It happened to be low tide when I went out with my sketchbook yesterday, extra low as it’s spring tide. Even more of those enticing rocks to sketch, but which viewpoint would I choose, where would I sit? I wandered out a bit, further than ‘normal’, awkwardly as the rocks were rather slippery, getting distracted by pattern and colour.
This slab of black rock has become a favourite, and against the sun I was mesmerized once again. But beautiful as this was, I can’t sit with my back to the sea, even when I know it’s hours until high tide.
These are not fossilized dinosaur brains:
This is not where I spilt yellow paint:
Justification/evidence for adding lines of colour amongst my rock drawings:
There’s something about a pile of old rope:
Nature vs built environment. This is my favourite photo from the day but it also makes me wonder why I’ never noticed this juxtaposition before; perhaps because I usually sit on the wall rather than stand looking up at it:
Eventually I did pick a sketching spot, against a big stone that broke the breeze:
Then a rain shower snuck up behind me. Suffice to say, watercolour isn’t a wet-weather medium.
It’s only taken me 10 years to go up the path in the bit of the Uig woodland that follows the River Rha rather than the River Conon. Why I haven’t been before is hard to put into words: I knew there was a waterfall there, but I wasn’t ready for it yet, I was still busy looking at what I’d already been in. It’s not that I think I’ve finished looking at this, more that I felt able to add to it. If you’re thinking “what is she going on about”, I’ll throw in the concept of “slow looking” and stop there.
I had it all to myself. It felt so familiar, like two kloofs I grew up with, Disa Gorge and Koffie Kloof n the Hottentots Holland Mountains. Though the water was even colder.
The Woodland Trust have built a sturdy path, with steps for long-legs.
Looking down river:
This contrast between broad and green / twiggy and brown could be interesting to explore as an abstracted, textured painting.
Enjoying the big boulders I was reminded of a workshop participant who said “I think you’ve cured me of my fear of rocks” and wondered how she’d respond to these moss-draped monsters.
My first drawing was a semi-continuous line looking at the rocks and trees, in pencil. Sketchbook is A3 size. The drawing ultimately covered both pages.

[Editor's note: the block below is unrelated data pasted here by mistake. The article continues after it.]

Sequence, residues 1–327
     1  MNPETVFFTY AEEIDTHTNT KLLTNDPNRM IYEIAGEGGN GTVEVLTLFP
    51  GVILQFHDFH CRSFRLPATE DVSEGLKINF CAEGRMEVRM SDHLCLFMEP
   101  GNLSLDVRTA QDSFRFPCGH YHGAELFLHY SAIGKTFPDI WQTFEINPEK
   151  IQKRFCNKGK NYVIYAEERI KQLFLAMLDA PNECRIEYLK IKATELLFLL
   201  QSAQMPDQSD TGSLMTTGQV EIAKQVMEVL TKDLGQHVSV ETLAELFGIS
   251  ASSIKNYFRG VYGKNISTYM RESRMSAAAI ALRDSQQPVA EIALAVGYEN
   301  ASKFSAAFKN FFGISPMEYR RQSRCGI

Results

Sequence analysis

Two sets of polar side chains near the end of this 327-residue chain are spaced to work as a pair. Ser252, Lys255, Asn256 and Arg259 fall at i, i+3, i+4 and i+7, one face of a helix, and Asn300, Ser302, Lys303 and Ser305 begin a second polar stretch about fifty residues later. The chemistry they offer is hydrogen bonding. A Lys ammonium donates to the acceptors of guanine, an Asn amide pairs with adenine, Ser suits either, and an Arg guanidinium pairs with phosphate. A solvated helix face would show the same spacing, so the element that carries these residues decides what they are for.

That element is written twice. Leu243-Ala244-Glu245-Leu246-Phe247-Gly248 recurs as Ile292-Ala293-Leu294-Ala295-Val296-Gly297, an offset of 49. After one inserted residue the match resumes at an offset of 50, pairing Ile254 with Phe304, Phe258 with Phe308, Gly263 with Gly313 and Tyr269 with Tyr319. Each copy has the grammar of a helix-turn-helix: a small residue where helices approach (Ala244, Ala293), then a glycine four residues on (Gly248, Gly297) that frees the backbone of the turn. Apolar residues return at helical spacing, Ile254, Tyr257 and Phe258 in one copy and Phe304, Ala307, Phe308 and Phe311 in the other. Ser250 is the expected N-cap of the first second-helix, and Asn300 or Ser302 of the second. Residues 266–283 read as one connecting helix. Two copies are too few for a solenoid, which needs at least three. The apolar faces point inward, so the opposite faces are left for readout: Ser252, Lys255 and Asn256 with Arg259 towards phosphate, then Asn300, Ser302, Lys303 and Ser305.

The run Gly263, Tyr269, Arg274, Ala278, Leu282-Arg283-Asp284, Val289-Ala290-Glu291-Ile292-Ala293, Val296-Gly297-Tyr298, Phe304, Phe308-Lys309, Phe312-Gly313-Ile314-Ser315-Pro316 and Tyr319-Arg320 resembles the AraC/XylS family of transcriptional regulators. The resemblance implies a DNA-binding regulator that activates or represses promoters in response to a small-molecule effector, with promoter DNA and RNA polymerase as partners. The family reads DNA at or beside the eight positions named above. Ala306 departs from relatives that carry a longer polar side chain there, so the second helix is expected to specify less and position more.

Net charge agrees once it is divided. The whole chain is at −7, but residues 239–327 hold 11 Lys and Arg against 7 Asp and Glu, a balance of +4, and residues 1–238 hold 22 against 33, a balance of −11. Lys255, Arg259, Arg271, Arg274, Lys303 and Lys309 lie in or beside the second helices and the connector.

Sitting in the same spot as above, but turned to the right.
My fourth drawing, in ink. I messed up the drawn lines when I dabbed at some ink with a piece of paper towel (that “turn it to a clean piece so you don’t inadvertently stamp on ink” error) and then tried to rescue it with some darker ink on the lower waterfall rocks. I’m okay with the result, but liked the earlier version more.
When the in-house art critic first saw the drawing he was looking at it sideways, generating a cautious “uh-huh, urm, what?” response until I turned the sketchbook ninety degrees. Think I need to add a “this way up” arrow to the page!
Photos taken on the journey to drop off my paintings for the Lochalsh Art Fair which is on until Wednesday.
First stop was the classic view towards the Cuillin. A visitor who was parked here, looking on her phone when I stopped, got out and asked me what the speed limit was because everyone seemed to be wanting to go really fast. I later saw her pull into a parking spot to let cars past.
Second stop the most-photographed-waterfall-on-Skye:
Though it’s more the view in the opposite direction I still want to paint:
Obligatory Eilean Donan Castle shot:
What caught my eye far more were the patterns by the road bridge:
Went into Balmacara for the “dark wood”:
And stopped near Kyle for hillside colours (last of the purple heather and bracken turning autumnal) :
Obligatory shot from the bridge at Sligachan (it wasn’t really this dark, I had the exposure set for the bright cloud):
Plus moody clouds:
Abstract minimalism with Glamaig:
Reflection of the sun:
And the usually ignored beautiful little bridge:
Stopped at Aros (outskirts of Portree) for a photo of the house across the bay with its becoming-autumnal trees:
And headed into the pine plantation (thanks for the reminder of how rich a location that is Izzy!):
And a final stop for moody cloudsand sea near home:
PS: I think I’ve got my websites all moved to the new webhost, but if you see anything strange or missing, let me know! I’ve seen some quotation marks changed to question marks!
Sitting in the sunshine listening to the tinkling of the river at Sligachan today (I mean sketching), I looked left towards the Bundt-cake peak (I mean Glamaig) and noticed a triangle of cloud that you could impossibly put in a painting as it’ll just look wrong.
Yesterday I caught the ferry from Uig to Tarbert to deliver a painting, being met at the terminal because the ferry turns around rapidly, 20 minutes between scheduled arrival and departure. It was a nary-a-cloud-in-the-sky day with glorious sunshine, albeit wish-I’d-remembered-my-gloves cold.
Yesterday for the first time I was at Coral Beach with the tide low (and still going out) and thus able to walk across to Lampay Island. Found myself contemplating compositions featuring Coral Beach that don’t involve its characteristic curve but include the hill, and wondering if the location would still be clear without it being in the painting’s title.